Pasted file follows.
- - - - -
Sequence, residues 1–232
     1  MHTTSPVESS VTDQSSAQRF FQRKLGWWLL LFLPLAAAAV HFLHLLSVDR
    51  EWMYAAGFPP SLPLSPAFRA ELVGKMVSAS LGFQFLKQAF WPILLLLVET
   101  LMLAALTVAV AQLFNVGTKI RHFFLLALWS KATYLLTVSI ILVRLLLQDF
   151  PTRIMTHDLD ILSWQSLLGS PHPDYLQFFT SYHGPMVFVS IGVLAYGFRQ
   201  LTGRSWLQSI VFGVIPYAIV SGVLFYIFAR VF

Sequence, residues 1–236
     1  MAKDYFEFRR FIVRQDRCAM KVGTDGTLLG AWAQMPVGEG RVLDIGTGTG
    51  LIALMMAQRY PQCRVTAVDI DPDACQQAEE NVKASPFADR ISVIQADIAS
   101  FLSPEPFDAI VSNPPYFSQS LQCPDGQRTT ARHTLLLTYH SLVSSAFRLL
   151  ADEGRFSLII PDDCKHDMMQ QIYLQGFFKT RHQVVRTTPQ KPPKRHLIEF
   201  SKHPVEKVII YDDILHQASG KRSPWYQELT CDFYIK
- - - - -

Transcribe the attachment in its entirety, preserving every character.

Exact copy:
Sequence, residues 1–232
     1  MHTTSPVESS VTDQSSAQRF FQRKLGWWLL LFLPLAAAAV HFLHLLSVDR
    51  EWMYAAGFPP SLPLSPAFRA ELVGKMVSAS LGFQFLKQAF WPILLLLVET
   101  LMLAALTVAV AQLFNVGTKI RHFFLLALWS KATYLLTVSI ILVRLLLQDF
   151  PTRIMTHDLD ILSWQSLLGS PHPDYLQFFT SYHGPMVFVS IGVLAYGFRQ
   201  LTGRSWLQSI VFGVIPYAIV SGVLFYIFAR VF

Sequence, residues 1–236
     1  MAKDYFEFRR FIVRQDRCAM KVGTDGTLLG AWAQMPVGEG RVLDIGTGTG
    51  LIALMMAQRY PQCRVTAVDI DPDACQQAEE NVKASPFADR ISVIQADIAS
   101  FLSPEPFDAI VSNPPYFSQS LQCPDGQRTT ARHTLLLTYH SLVSSAFRLL
   151  ADEGRFSLII PDDCKHDMMQ QIYLQGFFKT RHQVVRTTPQ KPPKRHLIEF
   201  SKHPVEKVII YDDILHQASG KRSPWYQELT CDFYIK